The central information for both clustering and multi-dimensional
scaling is the pairwise identity-by-state (IBS) information for each
pair of individuals. This can be calculated in advance with
the --genome command and stored in a plink.genome
file and subsequently accessed for any clustering or MDS analysis with
the --read-genome command.
If available, using a parallel compute cluster for this step is
advisable (see the --genome-lists command described on the
main page).
It is advisable to filter SNPs based on linkage disequilibrium prior
to calculating genome-wide IBS. That is, it is probably not desirable
to have many SNPs from the same region, in tight LD, all contributing
to the IBS scores. At the extreme, such regions will influence the
clustering and MDS analyses (e.g. a dimension of the MDS could
represent local variation of a cluster of SNPs in LD).
SNPs should probably be filtered to include only high genotyping, high
confidence SNPs prior to this analysis also. For example, one might
apply filters (assuming that most other basic QC has already been
done) of

--maf 0.01
--geno 0.01
--mind 1

and then apply LD pruning:

--indep-pairwise 100 50 0.2

to get something in the order of 50,000 high-genotyping SNPs in
approximate linkage equilibrium to use in the genome/cluster analysis.
Then run the --genome command on this reduced set, to
calculate the plink.genome file.

Given the pre-calculated .genome file, the next step might be
to look for extreme outliers before running the main clustering/MDS
analysis. This option will detect pairs of individuals that are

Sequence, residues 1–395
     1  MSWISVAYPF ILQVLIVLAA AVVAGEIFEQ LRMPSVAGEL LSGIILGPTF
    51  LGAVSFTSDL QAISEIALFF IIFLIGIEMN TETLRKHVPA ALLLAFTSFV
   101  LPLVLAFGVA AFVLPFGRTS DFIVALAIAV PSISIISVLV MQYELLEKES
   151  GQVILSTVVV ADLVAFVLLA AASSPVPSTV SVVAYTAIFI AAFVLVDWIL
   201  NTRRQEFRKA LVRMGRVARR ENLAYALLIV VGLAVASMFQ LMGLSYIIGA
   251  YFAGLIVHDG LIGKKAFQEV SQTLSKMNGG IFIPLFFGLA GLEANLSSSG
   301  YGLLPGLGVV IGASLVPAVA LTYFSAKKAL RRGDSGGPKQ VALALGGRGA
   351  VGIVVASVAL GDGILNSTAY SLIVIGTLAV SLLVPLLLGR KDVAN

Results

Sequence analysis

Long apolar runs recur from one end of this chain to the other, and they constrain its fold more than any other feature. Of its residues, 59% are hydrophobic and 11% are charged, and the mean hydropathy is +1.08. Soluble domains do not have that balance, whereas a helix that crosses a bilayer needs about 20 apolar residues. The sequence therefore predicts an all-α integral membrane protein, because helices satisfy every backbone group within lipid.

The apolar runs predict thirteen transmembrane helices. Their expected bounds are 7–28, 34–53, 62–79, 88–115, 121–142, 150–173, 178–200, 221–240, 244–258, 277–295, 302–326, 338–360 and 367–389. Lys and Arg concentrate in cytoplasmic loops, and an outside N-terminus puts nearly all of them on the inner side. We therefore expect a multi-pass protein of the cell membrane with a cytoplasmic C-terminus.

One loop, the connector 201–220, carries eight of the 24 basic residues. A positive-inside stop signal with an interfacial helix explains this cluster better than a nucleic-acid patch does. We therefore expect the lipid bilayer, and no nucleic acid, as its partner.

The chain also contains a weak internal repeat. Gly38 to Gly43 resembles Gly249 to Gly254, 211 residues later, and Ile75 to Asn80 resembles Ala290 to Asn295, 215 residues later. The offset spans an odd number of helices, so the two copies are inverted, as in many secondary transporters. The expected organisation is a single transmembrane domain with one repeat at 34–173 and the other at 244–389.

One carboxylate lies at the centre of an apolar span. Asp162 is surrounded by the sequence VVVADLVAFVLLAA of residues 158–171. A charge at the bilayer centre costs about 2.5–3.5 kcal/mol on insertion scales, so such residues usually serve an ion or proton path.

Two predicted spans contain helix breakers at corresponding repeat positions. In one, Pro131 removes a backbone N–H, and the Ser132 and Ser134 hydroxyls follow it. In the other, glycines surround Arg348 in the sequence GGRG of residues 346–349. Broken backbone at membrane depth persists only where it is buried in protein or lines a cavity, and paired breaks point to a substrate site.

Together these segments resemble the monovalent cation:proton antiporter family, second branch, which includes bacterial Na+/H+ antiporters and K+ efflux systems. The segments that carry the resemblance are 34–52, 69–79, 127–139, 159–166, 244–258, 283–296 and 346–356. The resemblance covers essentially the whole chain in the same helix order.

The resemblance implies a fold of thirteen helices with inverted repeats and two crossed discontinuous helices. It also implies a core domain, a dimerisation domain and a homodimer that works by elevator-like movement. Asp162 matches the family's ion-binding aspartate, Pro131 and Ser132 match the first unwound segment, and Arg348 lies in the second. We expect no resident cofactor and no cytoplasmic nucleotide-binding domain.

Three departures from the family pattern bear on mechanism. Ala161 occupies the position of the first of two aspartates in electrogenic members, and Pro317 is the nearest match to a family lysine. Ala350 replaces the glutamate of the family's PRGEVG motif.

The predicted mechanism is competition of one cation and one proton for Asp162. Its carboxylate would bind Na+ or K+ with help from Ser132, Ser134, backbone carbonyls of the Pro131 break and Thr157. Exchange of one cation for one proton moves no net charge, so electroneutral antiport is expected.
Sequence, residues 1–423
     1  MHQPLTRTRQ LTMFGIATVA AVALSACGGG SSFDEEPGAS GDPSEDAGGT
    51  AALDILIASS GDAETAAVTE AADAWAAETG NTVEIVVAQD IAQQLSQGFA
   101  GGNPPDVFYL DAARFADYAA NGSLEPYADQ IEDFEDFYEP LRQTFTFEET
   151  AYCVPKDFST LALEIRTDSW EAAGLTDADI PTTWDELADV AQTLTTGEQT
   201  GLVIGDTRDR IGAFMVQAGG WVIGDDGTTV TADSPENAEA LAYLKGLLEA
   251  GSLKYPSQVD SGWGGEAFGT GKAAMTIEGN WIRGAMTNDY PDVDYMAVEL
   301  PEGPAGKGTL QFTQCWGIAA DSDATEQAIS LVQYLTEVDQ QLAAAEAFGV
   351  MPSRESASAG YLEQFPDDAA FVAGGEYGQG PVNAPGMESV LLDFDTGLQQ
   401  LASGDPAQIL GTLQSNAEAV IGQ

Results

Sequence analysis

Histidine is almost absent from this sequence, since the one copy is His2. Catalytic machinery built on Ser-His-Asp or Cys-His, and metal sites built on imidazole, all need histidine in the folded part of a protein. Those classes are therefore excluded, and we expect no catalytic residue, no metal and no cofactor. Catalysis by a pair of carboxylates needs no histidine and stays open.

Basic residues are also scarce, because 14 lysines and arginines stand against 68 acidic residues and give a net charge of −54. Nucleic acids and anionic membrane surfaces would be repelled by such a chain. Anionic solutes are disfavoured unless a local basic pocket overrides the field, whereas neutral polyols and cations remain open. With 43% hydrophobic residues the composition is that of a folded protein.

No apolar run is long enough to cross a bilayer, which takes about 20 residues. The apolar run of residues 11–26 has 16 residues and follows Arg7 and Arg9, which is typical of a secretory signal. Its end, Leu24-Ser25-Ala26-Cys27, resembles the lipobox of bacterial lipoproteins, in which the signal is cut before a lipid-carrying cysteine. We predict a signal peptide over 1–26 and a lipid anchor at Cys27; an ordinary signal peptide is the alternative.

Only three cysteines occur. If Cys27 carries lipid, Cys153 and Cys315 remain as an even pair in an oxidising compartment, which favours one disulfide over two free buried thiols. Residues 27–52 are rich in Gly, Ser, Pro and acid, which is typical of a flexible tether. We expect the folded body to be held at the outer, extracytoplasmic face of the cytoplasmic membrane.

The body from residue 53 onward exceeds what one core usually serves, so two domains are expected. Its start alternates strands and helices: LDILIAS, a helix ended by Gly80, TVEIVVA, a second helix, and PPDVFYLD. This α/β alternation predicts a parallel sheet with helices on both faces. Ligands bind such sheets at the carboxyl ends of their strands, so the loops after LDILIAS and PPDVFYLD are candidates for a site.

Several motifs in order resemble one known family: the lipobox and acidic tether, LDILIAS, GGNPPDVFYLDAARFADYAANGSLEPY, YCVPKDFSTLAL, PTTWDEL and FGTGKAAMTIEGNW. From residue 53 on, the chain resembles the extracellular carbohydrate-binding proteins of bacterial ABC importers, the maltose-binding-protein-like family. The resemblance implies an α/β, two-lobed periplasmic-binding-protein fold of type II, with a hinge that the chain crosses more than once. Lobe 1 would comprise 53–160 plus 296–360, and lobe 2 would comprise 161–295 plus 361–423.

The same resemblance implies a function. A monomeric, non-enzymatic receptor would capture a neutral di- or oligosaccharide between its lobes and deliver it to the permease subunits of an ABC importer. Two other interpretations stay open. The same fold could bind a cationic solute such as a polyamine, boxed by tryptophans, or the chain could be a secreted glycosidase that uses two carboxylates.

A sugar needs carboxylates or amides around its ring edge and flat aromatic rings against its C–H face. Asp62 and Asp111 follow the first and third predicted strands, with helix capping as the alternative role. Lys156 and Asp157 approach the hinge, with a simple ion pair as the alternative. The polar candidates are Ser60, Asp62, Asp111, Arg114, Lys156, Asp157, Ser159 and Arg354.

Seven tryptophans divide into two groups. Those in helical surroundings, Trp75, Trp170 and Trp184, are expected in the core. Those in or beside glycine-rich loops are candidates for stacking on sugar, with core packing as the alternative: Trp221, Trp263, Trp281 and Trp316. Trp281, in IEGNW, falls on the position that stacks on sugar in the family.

appear much more similar (related/contaminated/duplicated) or
dissimilar compared to the rest of the sample:

Amongst others, the --cluster option produces the
file plink.cluster3 which we will use in the next step.
The --neighbour option produces the
file plink.nearest: the columns to focus on are Z
and NN==1 rows, looking for outliers (e.g. say more than 3
standard deviations). Plotting the results usually helps here. At this
stage, running the

--het

procedure to calculate heterozygosity coefficients is also helpful,
similarly to look for outliers.
Any obvious outliers should most probably be removed from analysis at
this stage.

And look at plink.mds file -- identify further outliers / any
evidence for 1 major cluster. Remove outliers; if major clusters,
lookup in previously calculated plink.cluster3 file (i.e. in R

d <- read.table("plink.mds",header=T)
k <- read.table("plink.cluster3")

Plot the MDS, selecting the appropriate column of 'k' to supply the
cluster solution K=X of N individuals (i.e. last col of k has K=1
solution, next to last K=2, etc, up to column 3 has K=N solution; we
add 1 to the colour code so we don't plot white on white.

plot( d$C1 , d$C2 , col = k[ , N+3-X ]+1 )

The absolute values of each dimension do not have any useful
interpretation.
Also, one might check whether any distinct clusters outside the main
one map to a specific plate, batch, etc. at this stage.

plot( d$C1 )
plot( d$C2 )

2b) Optionally: take each component of the MDS and treat as a
phenotype in a quantitative trait using all SNPs -- calculate lambda;
plot results, to see if a dimension represents a particular location
(i.e. lambda will be near 1). Helps determine whether that MDS
could/should be used as a covariate downstream.
3) Optionally: determine whether cases and controls are, on average,
comparably matched (via permutation: are phenotypically discordant
pairs less similar in IBS terms, on average?)
--read-genome plink.genome
--ibs-test
4) Run main clustering -- in this scenario with
--ppc 1e-3
--cc
seem reasonable parameters. Setting ppc higher means more but smaller
clusters; setting ppc lower means fewer but larger clusters.
5) Then
--mh --within
for main analysis.
g.
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